One storm that recently burst into a powerhouse was Hurricane Michael, which slammed into the Florida Panhandle in October. In the 24 hours leading up to its landfall, Michael's winds jumped 45 mph -- taking the storm from a strong category 2 to a devastating high-end category 4 with winds of 155 mph. The spike resulted in many people being underprepared and the storm caused $25 billion in damage, making it the year's costliest disaster in the country.
Hurricane Maria underwent even fiercer rapid intensification in 2017, spiking 80 mph as it beared down on Puerto Rico.
A boat sits amidst debris in the aftermath of Hurricane Michael in Mexico Beach, Fla., Thursday, Oct. 11, 2018.GERALD HERBERT / APThe Nature study was conducted by a who's who of experts in hurricane research, including Gabriel Vecchi of Princeton University and Thomas Knutson and James Kossin of the National Oceanic and Atmospheric Administration, to name a few. The researchers' initial study did not include recent hurricanes like Maria, Michael, Harvey, Irma and Florence due to lack of updated data sets. But "the trend becomes even more robust with this added data" Bhatia said.
The team first conducted an in-depth analysis into two independent observation data sets to see if there has been a trend in rapid intensification during the 1982-2009 time period. In both data sets they found that the "highest intensity changes are becoming more likely" -- a trend of 3 to 5 mph more per decade.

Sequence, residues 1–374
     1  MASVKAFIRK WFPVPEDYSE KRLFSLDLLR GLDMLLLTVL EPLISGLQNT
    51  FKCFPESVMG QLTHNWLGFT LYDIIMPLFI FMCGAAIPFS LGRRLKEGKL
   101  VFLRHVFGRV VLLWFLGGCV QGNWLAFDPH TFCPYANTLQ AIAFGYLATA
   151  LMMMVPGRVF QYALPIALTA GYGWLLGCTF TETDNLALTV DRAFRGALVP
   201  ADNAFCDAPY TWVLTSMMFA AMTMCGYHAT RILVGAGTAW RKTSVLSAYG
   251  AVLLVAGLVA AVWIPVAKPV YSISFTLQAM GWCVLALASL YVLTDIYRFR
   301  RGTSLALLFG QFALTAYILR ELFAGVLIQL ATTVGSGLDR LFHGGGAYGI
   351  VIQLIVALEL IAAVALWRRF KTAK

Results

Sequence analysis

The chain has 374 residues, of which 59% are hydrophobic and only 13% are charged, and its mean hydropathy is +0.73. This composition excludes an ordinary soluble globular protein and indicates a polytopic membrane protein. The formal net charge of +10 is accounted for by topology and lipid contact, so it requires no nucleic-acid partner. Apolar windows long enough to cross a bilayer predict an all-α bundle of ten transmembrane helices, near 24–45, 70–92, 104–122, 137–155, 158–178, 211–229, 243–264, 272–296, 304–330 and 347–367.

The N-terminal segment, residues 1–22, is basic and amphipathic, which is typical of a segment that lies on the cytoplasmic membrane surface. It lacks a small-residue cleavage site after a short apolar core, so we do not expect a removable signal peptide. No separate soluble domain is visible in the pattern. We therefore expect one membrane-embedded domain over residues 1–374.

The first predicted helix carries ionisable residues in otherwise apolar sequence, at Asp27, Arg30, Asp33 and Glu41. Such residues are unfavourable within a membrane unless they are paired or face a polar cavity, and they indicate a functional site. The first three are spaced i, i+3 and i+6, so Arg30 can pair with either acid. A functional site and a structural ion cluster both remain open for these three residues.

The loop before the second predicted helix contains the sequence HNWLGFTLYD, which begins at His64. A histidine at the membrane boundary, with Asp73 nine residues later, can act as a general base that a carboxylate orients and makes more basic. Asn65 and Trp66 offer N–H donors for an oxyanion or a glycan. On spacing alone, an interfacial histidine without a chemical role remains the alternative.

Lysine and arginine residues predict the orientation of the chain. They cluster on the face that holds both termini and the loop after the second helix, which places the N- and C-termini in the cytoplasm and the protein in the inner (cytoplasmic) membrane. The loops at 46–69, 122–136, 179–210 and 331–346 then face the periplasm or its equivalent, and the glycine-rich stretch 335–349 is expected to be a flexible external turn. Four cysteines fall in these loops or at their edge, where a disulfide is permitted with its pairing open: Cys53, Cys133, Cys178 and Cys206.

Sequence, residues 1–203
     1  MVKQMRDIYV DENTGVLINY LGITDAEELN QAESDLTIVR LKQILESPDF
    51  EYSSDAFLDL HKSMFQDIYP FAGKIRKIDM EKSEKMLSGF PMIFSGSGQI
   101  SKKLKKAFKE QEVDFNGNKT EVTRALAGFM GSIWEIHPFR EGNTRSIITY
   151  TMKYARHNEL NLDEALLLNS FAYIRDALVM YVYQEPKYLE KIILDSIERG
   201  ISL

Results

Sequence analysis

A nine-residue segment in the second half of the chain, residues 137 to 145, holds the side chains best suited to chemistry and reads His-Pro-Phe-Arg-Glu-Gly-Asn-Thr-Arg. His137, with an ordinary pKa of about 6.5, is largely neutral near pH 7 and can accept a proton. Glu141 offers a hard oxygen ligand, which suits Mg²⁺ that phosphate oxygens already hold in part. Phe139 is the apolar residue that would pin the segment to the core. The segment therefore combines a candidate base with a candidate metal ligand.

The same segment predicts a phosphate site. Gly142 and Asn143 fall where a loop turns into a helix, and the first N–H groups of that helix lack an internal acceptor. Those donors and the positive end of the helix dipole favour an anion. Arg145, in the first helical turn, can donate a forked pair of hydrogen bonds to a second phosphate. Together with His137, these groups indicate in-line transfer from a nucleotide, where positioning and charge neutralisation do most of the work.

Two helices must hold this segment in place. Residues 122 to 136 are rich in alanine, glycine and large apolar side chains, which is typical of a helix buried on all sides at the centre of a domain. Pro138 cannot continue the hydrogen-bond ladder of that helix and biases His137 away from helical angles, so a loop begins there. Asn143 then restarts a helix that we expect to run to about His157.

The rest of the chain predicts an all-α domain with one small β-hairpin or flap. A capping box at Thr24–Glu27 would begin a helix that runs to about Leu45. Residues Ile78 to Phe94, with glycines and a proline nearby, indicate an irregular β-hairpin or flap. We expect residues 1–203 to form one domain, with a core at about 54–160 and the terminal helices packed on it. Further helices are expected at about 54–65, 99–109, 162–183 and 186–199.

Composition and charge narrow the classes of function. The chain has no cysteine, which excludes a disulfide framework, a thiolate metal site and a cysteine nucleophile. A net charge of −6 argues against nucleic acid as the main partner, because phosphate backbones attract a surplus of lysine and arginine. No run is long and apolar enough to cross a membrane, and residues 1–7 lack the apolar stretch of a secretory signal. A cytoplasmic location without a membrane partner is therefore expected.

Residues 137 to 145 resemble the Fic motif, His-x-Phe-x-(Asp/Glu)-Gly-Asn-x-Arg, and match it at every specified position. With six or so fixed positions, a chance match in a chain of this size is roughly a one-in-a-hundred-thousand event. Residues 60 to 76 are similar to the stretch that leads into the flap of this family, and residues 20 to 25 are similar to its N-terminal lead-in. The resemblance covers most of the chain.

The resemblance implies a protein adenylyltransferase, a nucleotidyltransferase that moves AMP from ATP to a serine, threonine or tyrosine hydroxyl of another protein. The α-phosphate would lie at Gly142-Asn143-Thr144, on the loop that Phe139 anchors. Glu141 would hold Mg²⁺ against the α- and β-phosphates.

Since 1995, the Atlantic has entered that warmer phase of a natural 20-40-year cycle called the Atlantic Multidecadal Oscillation (AMO). As a result, hurricane frequency and intensity has gone up. To help determine if the boost in rapid intensification was due to natural cycles like the AMO or human-caused warming, researchers used a state-of-the-art high resolution climate model called HiFLOR. The team compared an 1860 world without man-made greenhouse gas warming with more recent years in which greenhouse gas warming has increased.
The research concludes that the rapid intensification increase discovered in both of the data sets "is outside HiFLOR's estimate of expected internal climate variability, which suggests the model's depiction of climate oscillations like the AMO cannot explain the observed trend."
"The results certainly infer, perhaps strongly infer, a human fingerprint on the increase in rapid intensification events," the National Oceanic and Atmospheric Administration's Kossin said.
This makes sense. Warmer water adds more high-octane fuel to hurricanes. Right now the oceans are warming because of excess greenhouse gases, thus hurricanes can intensify more rapidly.
But the researches are quick to urge caution on putting too much weight on the human connection. That's because the reliable data sets used in the study are limited to less than 30 years. Also, the team's ability to separate the natural climate cycle from what humans are causing hinges on the reliability of the one climate model used in the study.